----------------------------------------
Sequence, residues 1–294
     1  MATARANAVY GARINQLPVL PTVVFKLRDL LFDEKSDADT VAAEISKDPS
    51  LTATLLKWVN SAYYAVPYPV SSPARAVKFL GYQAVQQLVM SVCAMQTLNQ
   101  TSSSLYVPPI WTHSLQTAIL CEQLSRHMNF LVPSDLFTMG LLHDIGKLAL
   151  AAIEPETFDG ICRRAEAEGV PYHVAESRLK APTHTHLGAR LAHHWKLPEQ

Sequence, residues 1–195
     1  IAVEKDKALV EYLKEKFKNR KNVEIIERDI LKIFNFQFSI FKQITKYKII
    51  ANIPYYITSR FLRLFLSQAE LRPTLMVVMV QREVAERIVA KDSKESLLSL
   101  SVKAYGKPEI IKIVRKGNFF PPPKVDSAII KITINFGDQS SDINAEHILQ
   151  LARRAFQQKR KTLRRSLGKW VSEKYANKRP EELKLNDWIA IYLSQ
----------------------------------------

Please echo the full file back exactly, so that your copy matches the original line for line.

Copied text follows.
Sequence, residues 1–294
     1  MATARANAVY GARINQLPVL PTVVFKLRDL LFDEKSDADT VAAEISKDPS
    51  LTATLLKWVN SAYYAVPYPV SSPARAVKFL GYQAVQQLVM SVCAMQTLNQ
   101  TSSSLYVPPI WTHSLQTAIL CEQLSRHMNF LVPSDLFTMG LLHDIGKLAL
   151  AAIEPETFDG ICRRAEAEGV PYHVAESRLK APTHTHLGAR LAHHWKLPEQ

Sequence, residues 1–195
     1  IAVEKDKALV EYLKEKFKNR KNVEIIERDI LKIFNFQFSI FKQITKYKII
    51  ANIPYYITSR FLRLFLSQAE LRPTLMVVMV QREVAERIVA KDSKESLLSL
   101  SVKAYGKPEI IKIVRKGNFF PPPKVDSAII KITINFGDQS SDINAEHILQ
   151  LARRAFQQKR KTLRRSLGKW VSEKYANKRP EELKLNDWIA IYLSQ